The novel is a deliberate and accurate portrayal of early life for settlers in Maine during the period and is liberally strewn with a wide range of characters one might expect to find in an isolated settlement like this in early America. His small village has a constable who owns and runs the town bar and restaurant and thus is not reliable to protect locals against the menace of hungry wolves.

Conflicts arise for Rees and his family on all sides, affording the author ample opportunity to make deep dives into a host of personalities and situations and she takes most opportunities to do that, including brief but telling examination of the Shaker community. Consequently, the well-written, finely organized story presents several varied and useful personalities in both ordinary and highly fraught situations in a novel of manners, murder and detection. Readers will finish the novel having a concentrated experience of a particular part of America and its people before there was a United States.

Simply Dead is simply a good story with a lot of excellent characters, very well told.

Reviewed by Carl Brookins, August 2019.
http://www.carlbrookins.com http://agora2.blogspot.com
The Case of the Purloined Painting, The Case of the Great Train Robbery, Reunion, Red Sky.

Book Review: Cold Bones by David Mark @davidmarkwriter @MulhollandUK

Cold Bones
A DS McAvoy Novel #8
David Mark
Mulholland Books, January 2019
ISBN 978-1-473-64319-2
Hardcover

Cold Bones is the 8th and latest novel in Detective Sergeant Aector McAvoy’s series written by David Mark and set in Hull, East Yorkshire, England. It begins when McAvoy, who is dropping his daughter off at school, is approached by another parent. Knowing he’s with the police, she tells him she’s worried about an elderly lady who lives near her, but who she hasn’t seen for a few days. McAvoy offers to check on the neighbour and discovers the elderly lady, Enid Chappell, frozen to death in her bathtub.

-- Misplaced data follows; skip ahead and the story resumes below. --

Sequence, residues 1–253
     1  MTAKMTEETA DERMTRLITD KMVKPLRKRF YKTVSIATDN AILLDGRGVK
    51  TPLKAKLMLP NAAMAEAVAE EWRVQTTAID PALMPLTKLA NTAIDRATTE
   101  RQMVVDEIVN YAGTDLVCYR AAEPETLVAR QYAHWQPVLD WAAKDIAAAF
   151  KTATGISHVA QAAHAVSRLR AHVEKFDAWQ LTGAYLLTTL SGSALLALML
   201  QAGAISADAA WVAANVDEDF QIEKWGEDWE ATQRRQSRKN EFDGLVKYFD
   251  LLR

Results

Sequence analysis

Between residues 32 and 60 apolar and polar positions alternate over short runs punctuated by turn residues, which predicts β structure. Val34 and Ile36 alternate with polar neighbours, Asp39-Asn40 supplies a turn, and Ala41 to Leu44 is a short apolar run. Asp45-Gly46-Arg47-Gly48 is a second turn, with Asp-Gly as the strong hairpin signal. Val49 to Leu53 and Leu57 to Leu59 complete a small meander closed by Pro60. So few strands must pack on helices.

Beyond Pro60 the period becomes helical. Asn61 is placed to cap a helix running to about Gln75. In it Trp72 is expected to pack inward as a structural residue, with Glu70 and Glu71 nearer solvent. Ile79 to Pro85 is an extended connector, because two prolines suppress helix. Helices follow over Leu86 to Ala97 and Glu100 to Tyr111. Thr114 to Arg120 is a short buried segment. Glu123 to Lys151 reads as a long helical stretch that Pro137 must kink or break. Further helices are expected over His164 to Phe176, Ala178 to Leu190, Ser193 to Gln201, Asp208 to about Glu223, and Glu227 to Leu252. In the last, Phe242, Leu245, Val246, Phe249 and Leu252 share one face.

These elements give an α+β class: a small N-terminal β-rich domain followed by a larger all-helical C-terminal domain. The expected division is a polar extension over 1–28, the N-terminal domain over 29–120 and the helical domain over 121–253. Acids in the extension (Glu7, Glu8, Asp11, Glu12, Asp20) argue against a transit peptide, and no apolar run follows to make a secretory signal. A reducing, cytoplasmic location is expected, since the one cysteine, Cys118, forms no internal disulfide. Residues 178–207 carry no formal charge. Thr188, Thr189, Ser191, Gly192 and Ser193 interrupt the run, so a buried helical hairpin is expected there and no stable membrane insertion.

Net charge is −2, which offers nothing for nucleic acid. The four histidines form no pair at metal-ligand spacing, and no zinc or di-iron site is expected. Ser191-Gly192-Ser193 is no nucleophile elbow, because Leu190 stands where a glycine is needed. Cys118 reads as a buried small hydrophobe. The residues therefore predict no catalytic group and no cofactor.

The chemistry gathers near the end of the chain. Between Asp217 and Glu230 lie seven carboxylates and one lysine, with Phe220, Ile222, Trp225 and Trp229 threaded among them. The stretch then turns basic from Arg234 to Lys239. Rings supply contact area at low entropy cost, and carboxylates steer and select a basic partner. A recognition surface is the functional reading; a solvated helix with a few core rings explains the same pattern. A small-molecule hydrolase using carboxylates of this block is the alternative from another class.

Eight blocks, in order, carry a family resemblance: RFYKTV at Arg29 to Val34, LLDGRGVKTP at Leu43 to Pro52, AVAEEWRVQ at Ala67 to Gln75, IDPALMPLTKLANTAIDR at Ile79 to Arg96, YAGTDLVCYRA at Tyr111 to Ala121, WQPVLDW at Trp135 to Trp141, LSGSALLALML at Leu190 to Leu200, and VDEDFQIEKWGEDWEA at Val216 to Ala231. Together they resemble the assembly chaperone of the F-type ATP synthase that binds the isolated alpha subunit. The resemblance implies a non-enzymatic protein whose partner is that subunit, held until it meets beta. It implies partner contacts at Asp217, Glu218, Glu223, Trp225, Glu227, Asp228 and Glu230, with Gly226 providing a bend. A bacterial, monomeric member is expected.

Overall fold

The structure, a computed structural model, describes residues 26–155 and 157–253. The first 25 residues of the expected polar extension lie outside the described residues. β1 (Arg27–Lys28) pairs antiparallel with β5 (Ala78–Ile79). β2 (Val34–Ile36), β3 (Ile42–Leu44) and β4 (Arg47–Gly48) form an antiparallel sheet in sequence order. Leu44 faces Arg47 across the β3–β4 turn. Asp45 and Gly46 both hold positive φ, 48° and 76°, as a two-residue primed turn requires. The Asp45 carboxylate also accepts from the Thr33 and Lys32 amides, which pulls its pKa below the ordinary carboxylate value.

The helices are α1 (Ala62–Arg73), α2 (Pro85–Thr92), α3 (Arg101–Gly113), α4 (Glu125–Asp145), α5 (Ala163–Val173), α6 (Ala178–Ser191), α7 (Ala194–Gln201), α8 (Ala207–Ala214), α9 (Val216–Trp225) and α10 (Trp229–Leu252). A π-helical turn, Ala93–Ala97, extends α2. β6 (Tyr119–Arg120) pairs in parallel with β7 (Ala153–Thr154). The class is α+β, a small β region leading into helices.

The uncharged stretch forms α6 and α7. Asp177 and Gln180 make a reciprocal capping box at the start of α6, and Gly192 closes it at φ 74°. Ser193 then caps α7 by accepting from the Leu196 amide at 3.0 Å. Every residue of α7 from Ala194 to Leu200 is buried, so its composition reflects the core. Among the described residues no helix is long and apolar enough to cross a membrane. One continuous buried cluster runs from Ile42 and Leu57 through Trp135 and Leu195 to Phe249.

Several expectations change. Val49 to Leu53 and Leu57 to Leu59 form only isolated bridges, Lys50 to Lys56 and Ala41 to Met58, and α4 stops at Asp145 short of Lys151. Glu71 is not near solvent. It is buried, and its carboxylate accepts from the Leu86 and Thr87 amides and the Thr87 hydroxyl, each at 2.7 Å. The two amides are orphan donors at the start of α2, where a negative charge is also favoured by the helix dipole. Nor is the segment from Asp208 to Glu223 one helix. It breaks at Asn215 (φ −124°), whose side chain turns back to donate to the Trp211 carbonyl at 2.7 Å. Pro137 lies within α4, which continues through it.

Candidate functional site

After determining the woman has in fact been murdered, McAvoy calls it in. While he waits for the forensic team, he wanders from room to room in search of something that might give him an idea why this woman was murdered. When he spots a crossword puzzle with only one question attempted, he’s surprised that the letters spell out M C A V. He’s sure he doesn’t know the victim but can’t help wondering if there is a connection.

McAvoy’s investigation grows more complex when two elderly men, both retired trawler fishermen, are found murdered in an empty warehouse owned by Stephen Ballantine a local man businessman whose father, a trawler fisherman, was lost at sea before Stephen was born. McAvoy’s instincts tell him that the murder of Enid Chappell and the brutal killing of the two fishermen are connected. But the Area Commander, David Slattery, doesn’t agree and orders McAvoy to concentrate on the old woman’s death.

McAvoy tries to do as he’s ordered, but as his detectives dig into Enid Chappell’s background he learns she had been a well respected social worker dealing mostly with the close knit community of Trawler fishermen and their families.

Meanwhile McAvoy’s boss Superintendent Trish Pharaoh is in Iceland looking into the loss of a fishing trawler, where the ship’s owner and two crew members perished, their bodies never having been recovered. She hasn’t told McAvoy where she is or what has brought her here, but it isn’t hard to see that their paths at some point will converge.

Aector McAvoy is one of my favourite characters. He’s a big man, around 6ft.5in; a handsome Scot with red hair and a heart of gold. He’s great at his job, but he manages to get himself into dire and often scary situations. That’s because he never gives up, and tries always to do the right thing, even when it gets him into deep trouble.

While some of the violence in this book and in the series might make some readers uncomfortable, the appeal of the characters and the strong plotting make the journey entirely worthwhile. You’ll have to read for yourself how this intriguing tale of revenge and murder reaches it’s dramatic ending.

Check it out!!! You won’t regret it.

Reviewed by guest reviewer Moyra Tarling, May 2019.